What is the role of cobalamin therapy in the treatment of pernicious anemia?

Updated: Feb 18, 2019
  • Author: Srikanth Nagalla, MD, MS, FACP; Chief Editor: Emmanuel C Besa, MD  more...
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Vitamin B12 is available for therapeutic use parenterally as either cyanocobalamin or hydroxocobalamin. [20] The two forms are equally useful in the treatment of vitamin B12 deficiency, and both are nontoxic (except for rare allergic reactions). Theoretical advantages exist to using hydroxocobalamin because it is retained better in the body and is more available to cells; however, both chemical forms of cobalamin provide prompt correction.

Cobalamin is available in a solution for injection in doses ranging from 100 to 1000 µg. Most of the injected doses in excess of 50 µg are rapidly excreted in the urine. Thus, when therapy is started, repeated doses are recommended in order to replenish body stores.

A number of regimens have been recommended. One regimen begins with daily subcutaneous administration for the first week. If significant reticulocytosis confirms that therapy is successful, doses are then administered twice weekly for another 4-5 weeks. After this period, 100 µg can be administered monthly by subcutaneous or intramuscular injection. Lifetime compliance is necessary. An alternative regimen involves weekly injections of 1000 µg of vitamin B12 for 5-6 weeks, followed by monthly injections.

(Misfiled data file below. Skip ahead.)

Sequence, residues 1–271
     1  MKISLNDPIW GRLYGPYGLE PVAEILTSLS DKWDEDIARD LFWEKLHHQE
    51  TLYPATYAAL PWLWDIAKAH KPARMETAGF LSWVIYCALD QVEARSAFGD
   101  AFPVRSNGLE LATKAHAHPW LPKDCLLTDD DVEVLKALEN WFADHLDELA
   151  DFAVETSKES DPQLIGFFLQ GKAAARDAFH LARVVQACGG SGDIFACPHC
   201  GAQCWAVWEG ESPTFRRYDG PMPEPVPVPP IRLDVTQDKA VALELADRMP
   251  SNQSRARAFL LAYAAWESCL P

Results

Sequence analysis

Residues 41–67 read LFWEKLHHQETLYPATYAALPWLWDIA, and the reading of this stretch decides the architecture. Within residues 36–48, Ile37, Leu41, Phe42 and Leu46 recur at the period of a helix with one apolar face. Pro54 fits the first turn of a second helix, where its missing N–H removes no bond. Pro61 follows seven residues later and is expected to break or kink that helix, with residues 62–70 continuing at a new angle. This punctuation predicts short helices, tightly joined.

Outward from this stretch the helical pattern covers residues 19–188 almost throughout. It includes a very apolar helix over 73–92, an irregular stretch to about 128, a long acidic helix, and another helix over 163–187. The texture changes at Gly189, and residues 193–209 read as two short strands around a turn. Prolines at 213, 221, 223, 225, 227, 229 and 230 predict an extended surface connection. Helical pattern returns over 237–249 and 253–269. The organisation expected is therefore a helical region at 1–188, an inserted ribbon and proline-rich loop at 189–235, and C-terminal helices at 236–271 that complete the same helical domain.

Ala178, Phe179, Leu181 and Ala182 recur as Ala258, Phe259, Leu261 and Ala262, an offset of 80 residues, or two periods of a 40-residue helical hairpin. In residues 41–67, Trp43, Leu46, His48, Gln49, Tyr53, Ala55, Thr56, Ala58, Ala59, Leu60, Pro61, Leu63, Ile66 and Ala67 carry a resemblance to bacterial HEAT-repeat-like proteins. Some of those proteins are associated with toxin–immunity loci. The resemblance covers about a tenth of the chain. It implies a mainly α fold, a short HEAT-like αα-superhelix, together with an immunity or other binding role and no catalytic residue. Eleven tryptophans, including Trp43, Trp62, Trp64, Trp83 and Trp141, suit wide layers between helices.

Cobalamin deficiency–related neurological impairment can vary in clinical presentation, including acute combined system degeneration, peripheral neuropathy, and psychosis. These neuropathies should be treated more aggressively.

Response should be monitored by reticulocyte counts, lactic dehydrogenase (LDH), and an appropriate rise in hemoglobin levels. LDH levels decrease and hemoglobin levels increase by about 1 g/dL/wk. A rise in LDH might indicate a relapse.

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